Congressional visit brings touch of home

20 Aug 2003 | Army Spc. Benjamin R. Kibbey

A bipartisan delegation from the U.S. Senate and House of Representatives gave soldiers and Marines supporting Operation Iraqi Freedom a chance to talk to someone from home Aug. 20 at Camp Babylon, Iraq.

The visit, part of a 10-day tour planned to include seven countries in the region, was topped-off by a lunch, during which the members of congress sat and talked with constituents serving in Iraq.

"It's good to see someone from your home state," said Sgt. Lokai Laughter, a member of C Company, 1st Battalion, 7th Marines, and a native of Flagstaff, Ariz.  "I feel like a piece of my home has come here."

The piece of home came in the form of Sen. John S. McCain, R-Ariz., who among other things, served as naval aviator during Vietnam, where he was prisoner of war for five years and a half years.

"He's got a lot of things to talk about," said Laughter of the senator.

For those away for the last few months, any news from home is good news.

"He gave us lots of good information about what's going on back home," said Lance Cpl. Ashley R Kascniak, a member of Communications Company, Headquarters Battalion, First Marine Division and Kingman, Ariz. native.  "He told us about (Arizona State University) and the new quarterback.  He said the hockey team was doing real well."

Representative Harold Ford, D-Tenn., even offered to check on a soldier's family when he returned to the states.

"He asked me about my family, took names of my sisters and brothers and said he'd look them up once he got back home," said Army Sgt. 1st Class Marcus Malone, a member of the 19th Support Center, which is supporting the Multinational Division that will assume authority of southern Iraq once the Marines depart. "It feels good, because me and my family are very close.  It feels good to know someone is concerned about them as well as me."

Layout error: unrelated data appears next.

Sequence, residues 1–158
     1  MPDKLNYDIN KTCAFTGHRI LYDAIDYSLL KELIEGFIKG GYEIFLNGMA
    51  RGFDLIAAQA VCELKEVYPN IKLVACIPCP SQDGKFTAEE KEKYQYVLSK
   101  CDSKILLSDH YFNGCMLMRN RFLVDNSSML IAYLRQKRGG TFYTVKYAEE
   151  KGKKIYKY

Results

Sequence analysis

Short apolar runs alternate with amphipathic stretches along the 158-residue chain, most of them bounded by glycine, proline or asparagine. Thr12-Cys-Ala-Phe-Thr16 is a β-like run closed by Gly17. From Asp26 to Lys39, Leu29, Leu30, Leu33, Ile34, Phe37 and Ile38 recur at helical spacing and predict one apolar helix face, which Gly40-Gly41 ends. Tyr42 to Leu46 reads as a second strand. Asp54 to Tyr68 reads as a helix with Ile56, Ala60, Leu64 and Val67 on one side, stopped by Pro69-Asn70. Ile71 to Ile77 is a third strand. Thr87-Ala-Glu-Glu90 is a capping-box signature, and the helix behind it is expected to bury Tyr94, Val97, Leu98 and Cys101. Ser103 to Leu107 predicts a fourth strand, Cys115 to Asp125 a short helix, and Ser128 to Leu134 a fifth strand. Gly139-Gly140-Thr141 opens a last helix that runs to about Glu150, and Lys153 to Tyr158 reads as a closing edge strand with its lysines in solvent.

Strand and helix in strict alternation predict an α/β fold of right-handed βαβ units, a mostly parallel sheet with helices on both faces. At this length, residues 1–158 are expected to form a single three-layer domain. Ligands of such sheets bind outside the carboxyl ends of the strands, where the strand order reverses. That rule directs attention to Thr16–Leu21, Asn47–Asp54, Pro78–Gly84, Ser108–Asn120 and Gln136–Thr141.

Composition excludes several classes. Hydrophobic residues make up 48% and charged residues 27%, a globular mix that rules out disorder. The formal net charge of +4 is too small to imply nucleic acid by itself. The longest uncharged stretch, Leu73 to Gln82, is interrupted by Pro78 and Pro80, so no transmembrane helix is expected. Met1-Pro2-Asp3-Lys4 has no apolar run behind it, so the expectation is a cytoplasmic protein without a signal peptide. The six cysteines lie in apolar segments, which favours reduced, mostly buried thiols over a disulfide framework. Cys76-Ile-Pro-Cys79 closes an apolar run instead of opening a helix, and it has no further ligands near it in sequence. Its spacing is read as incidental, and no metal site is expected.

"I was very pleased, not just with his general concern about us and our welfare," said Malone, an Oakland, Tenn. native, referring to Ford. "He was really pleased with us and happy about our presence here."

Many of the members of Congress were impressed with the situation in the Marine area of operations, as well as the general morale of the troops. The rest of the congressional delegation included Sen. Maria E. Cantwell, D-Wash.; Sen. Lindsey O. Graham, R-S.C.; Sen. Kay Bailey Hutchison, R-Texas; Rep. Jim Kolbe, R-Ariz. and Sen. John E. Sununu, R-N.H

"The Marines have done an outstanding job in this part of Iraq, obviously, because it's probably the quietest," McCain said.  "They've still got a tough job. There's shooting still every night, and we've got a long way to go, but I'm very proud of the job that they have done.

"I think that we've had a good look at the challenges that we face here, the status of morale, which is good amongst the troops, and a better assessment as to what the mission requires."

"Remarkable, the morale of all these young men and women," Ford said.  "It's been interesting to see the progress that you all have been able to make.  I think if more Americans were able to witness and hear firsthand accounts of what you're doing - why it's important - it would put a different perspective back home."

Ford said he has come to the belief that the work here will take a long-term commitment.

"There's no doubt that our commitment is going to have to be longer than some believe here, and certainly longer than many in America believe," Ford said. "If we leave now, in a lot of ways, all of the work that we have done up to this point would really be useless and rendered ineffective because all of it would be rolled back quickly by Saddam and all of his forces. 

"I'm proud of the work that's been done, and want to see what more we can do in Washington to ensure that you're supported, and that we're able to bring the kind of openness and fairness to this country that we want to bring."